The adhesive was applied to samples of boxboard and a second layer of film was placed over the wet adhesive on each boxboard sample. The adhesive was cured by exposing the adhesive through the film to UV radiation which was generated using a 300 w/in medium pressure mercury arc lamp, an H bulb at 100% power and 200 ft/min conveyor speed. The bond strengths of the laminates were determined by a T-peel test in a T-peel setting at 12 inches per minute on one inch wide strips. The following results were obtained:

Bond strength after 5 minutes: 0.41 lb (peel w/5% fiber tear))
Bond strength after 30 minutes: 0.66 lb (peel w/50% fiber tear)
Bond strength after 1 hour: 1.19 lb (peel w/100% fiber tear)
Bond strength after 24 hours: 1.33 lb (peel w/100% fiber tear)

The dual curable adhesive employed in Example 9 thus exhibited a significantly higher green tack than the conventional adhesive utilized in Example 8.

EXAMPLE 10

This example illustrates a waterborne dual curable adhesive in accordance with the invention which is useful for forming multiple layer laminates, preferably where boxboard is laminated to film, and which exhibits high green tack bonds. The following components were combined:

Component Weight % Source
56-1081MUV1 88 Henkel
LOCTITE 33212 1.4 Henkel
PHOTOMER 41583 6 Cognis
SR 4944 4 Sartomer
IRGACURE 29595 0.6 Ciba
1polyvinyl acetate polymer emulsion (64% solids)
2“acrylated” urethane” formulation also containing (meth)acrylate-functionalized monomer and photoinitiator
3ethoxylated (14) trimethylolpropane triacrylate
41-[4-(2-hydroxyethoxy)-phenyl]-2-hydroxy-2-methyl-1-propan-1-one (photoinitiator)

The adhesive was applied to samples of boxboard and a second layer of film was placed over the wet adhesive on each boxboard sample. The adhesive was cured by exposing the adhesive through the film to UV radiation which was generated using a 300 w/in medium pressure mercury arc lamp, an H bulb at 100% power and 200 ft/min conveyor speed. The bond strengths of the laminates were determined by a T-peel test in a T-peel setting at 12 inches per minute on one inch wide strips. The following results were obtained:

Bond strength after 5 minutes: 0.53 lb (peel w/50% fiber tear))
Bond strength after 30 minutes: 0.93 lb (peel w/100% fiber tear)
Bond strength after 1 hour: 1.6 lb (peel w/100% fiber tear)
Bond strength after 24 hours: 1.4 lb (peel w/100% fiber tear)

The dual curable adhesive employed in Example 10 thus exhibited a significantly higher green tack than the conventional adhesive utilized in Example 8 and a higher immediate green tack than the adhesive utilized in Example 9.

EXAMPLES 11 and 12

Example 10 was repeated, except that the adhesive in the boxboard/film laminate was cured by visible light radiation using an LED lamp (LOCTITE 7740 UV Wand System). For comparison, the adhesive was also cured under the conditions of Example 10 (UV light). The following results were obtained:

Bond strength 0.68 lb (peel w/50% FT) 1.1 lb (peel w/20% FT)
(2 min.):
Bond strength 0.5 lb (peel w/100% FT) 1.2 lb (peel w/70% FT)
(10 min.):
FT = fiber tear

These results demonstrate that if visible light radiation is used to cure the adhesive, higher instantaneous green tack is obtained as compared to when ultraviolet light curing is utilized.

EXAMPLE 13

This example illustrates a waterborne dual curable adhesive in accordance with the invention which is useful for forming multiple layer laminates, preferably where boxboard is laminated to film, and which exhibits high green tack bonds. The following components were combined:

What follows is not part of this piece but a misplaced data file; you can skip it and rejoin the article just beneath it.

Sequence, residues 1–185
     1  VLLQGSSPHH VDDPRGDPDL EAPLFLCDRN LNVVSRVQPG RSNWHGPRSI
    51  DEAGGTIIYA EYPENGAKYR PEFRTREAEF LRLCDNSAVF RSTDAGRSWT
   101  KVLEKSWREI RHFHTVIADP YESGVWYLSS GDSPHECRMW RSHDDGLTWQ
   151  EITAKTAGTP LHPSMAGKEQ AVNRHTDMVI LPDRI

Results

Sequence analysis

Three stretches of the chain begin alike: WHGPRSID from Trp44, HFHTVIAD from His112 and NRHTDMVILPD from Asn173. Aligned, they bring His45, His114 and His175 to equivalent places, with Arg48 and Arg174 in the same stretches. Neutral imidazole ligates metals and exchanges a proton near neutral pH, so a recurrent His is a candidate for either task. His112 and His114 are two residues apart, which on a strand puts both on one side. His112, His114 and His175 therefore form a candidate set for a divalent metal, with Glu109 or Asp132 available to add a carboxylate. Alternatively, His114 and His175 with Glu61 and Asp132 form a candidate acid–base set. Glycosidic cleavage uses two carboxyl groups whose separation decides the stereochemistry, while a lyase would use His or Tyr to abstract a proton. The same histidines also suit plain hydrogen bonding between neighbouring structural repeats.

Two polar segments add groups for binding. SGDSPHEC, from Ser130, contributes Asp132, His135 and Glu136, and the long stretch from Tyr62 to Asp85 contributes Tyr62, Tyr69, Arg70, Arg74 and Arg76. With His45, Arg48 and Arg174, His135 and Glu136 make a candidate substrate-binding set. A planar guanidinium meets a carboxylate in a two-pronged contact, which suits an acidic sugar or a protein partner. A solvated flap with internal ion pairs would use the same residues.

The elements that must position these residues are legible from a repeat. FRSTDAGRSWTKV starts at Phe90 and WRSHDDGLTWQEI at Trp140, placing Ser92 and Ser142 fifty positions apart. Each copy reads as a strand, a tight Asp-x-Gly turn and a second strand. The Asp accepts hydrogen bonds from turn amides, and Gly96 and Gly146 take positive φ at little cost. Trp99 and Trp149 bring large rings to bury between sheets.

Component Weight % Source
56-6181UV1 88 Henkel
LOCTITE 33212 1.4 Henkel
PHOTOMER 41583 6 Cognis
SR 4944 4 Sartomer
IRGACURE 29595 0.6 Ciba
1polyvinyl acetate polymer emulsion (64% solids)
2“acrylated” urethane” formulation also containing (meth)acrylate-functionalized monomer and photoinitiator
3ethoxylated (14) trimethylolpropane triacrylate
41-[4-(2-hydroxyethoxy)-phenyl]-2-hydroxy-2-methyl-1-propan-1-one (photoinitiator)

The adhesive was applied to samples of boxboard and a second layer of film was placed over the wet adhesive on each boxboard sample. The adhesive was cured by exposing the adhesive through the film to UV radiation which was generated using a 300 w/in medium pressure mercury arc lamp, an H bulb at 100% power and 200 ft/min conveyor speed. The bond strengths of the laminates were determined by a T-peel test in a T-peel setting at 12 inches per minute on one inch wide strips. The following results were obtained:

Bond strength after 2 minutes: 0.19 lb (peel w/30% fiber tear))
Bond strength after 10 minutes: 0.24 lb (peel w/100% fiber tear)
Bond strength after 30 minutes: 0.42 lb (peel w/100% fiber tear)
Bond strength after 4 hours: 0.57 lb (peel w/100% fiber tear)

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Classifications
U.S. Classification522/86, 522/151, 427/517, 522/96, 522/178, 156/327, 522/120, 427/507, 522/150, 522/173, 522/110, 522/112, 156/331.1, 427/207.1, 522/154, 522/153, 156/331.2, 156/60, 522/85, 522/117, 522/111, 156/325, 522/121, 156/330.9, 522/84, 522/116, 522/113, 522/174, 522/109, 156/326, 522/90
International ClassificationC08F2/46, C09J4/06, C08J3/28
Cooperative ClassificationC09J131/04, B32B7/12, C09J133/14, C09J4/00, C08L33/06, C08L33/14, C08L31/04, C08L71/02, C08L75/16, C09J133/06
European ClassificationC09J131/04, C09J133/06, C09J133/14, B32B7/12, C09J4/00
Legal Events
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Sep 4, 2013FPAYFee payment
Year of fee payment: 4
Nov 10, 2006ASAssignment
Owner name: HENKEL CORPORATION, PENNSYLVANIA
Free format text: ASSIGNMENT OF ASSIGNORS INTEREST;ASSIGNORS:MGAYA, ALEXANDER P.;RAMALINGAM, BALASUBRAMANIAM;REEL/FRAME:018516/0355
Effective date: 20061023
Owner name: HENKEL CORPORATION,PENNSYLVANIA
Free format text: ASSIGNMENT OF ASSIGNORS INTEREST;ASSIGNORS:MGAYA, ALEXANDER P.;RAMALINGAM, BALASUBRAMANIAM;US-ASSIGNMENT DATABASE UPDATED:20100330;REEL/FRAME:18516/355